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EuroIntervention. 2015 Sep;11 Suppl W:W92-5. doi: 10.4244/EIJV11SWA28.

Antithrombotic therapy in TAVI patients: changing concepts.

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Department of Cardiology, Bern University Hospital, Bern, Switzerland.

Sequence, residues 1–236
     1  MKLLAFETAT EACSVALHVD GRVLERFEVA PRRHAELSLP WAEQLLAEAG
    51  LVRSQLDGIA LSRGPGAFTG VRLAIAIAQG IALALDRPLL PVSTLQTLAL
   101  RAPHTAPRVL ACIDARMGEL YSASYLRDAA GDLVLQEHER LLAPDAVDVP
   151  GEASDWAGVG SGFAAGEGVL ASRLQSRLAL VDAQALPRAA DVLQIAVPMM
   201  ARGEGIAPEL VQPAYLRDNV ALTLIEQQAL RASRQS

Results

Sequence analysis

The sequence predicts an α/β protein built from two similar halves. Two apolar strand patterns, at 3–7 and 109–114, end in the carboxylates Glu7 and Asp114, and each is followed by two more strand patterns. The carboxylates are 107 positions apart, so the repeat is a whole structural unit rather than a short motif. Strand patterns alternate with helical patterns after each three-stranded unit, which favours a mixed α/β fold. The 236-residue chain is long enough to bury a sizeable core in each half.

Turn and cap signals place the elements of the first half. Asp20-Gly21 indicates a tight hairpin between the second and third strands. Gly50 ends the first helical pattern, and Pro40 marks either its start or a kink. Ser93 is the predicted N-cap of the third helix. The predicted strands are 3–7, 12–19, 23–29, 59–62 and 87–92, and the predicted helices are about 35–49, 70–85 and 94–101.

The clinical and demographic characteristics of patients undergoing TAVI pose unique challenges for developing and implementing optimal antithrombotic therapy. Ischaemic and bleeding events in the periprocedural period and months after TAVI still remain a relevant concern to be faced with optimised antithrombotic therapy. Moreover, the antiplatelet and anticoagulant pharmacopeia has evolved significantly in recent years with new drugs and multiple possible combinations. Dual antiplatelet therapy (DAPT) is currently recommended after TAVI with oral anticoagulation (OAC) restricted for specific indications. However, atrial fibrillation (which is often clinically silent and unrecognised) is common after the procedure and embolic material often thrombin-rich. Recent evidence has therefore questioned this approach, suggesting that DAPT may be futile compared with aspirin alone and that OAC could be a relevant alternative. Future randomised and appropriately powered trials comparing different regimens of antithrombotic therapy, including new antiplatelet and anticoagulant agents, are warranted to increase the available evidence on this topic and create appropriate recommendations for this frail population. Meanwhile, it remains rational to adhere to current guidelines, with routine DAPT and recourse to OAC when specifically indicated, whilst always tailoring therapy on the basis of individual bleeding and thromboembolic risk.

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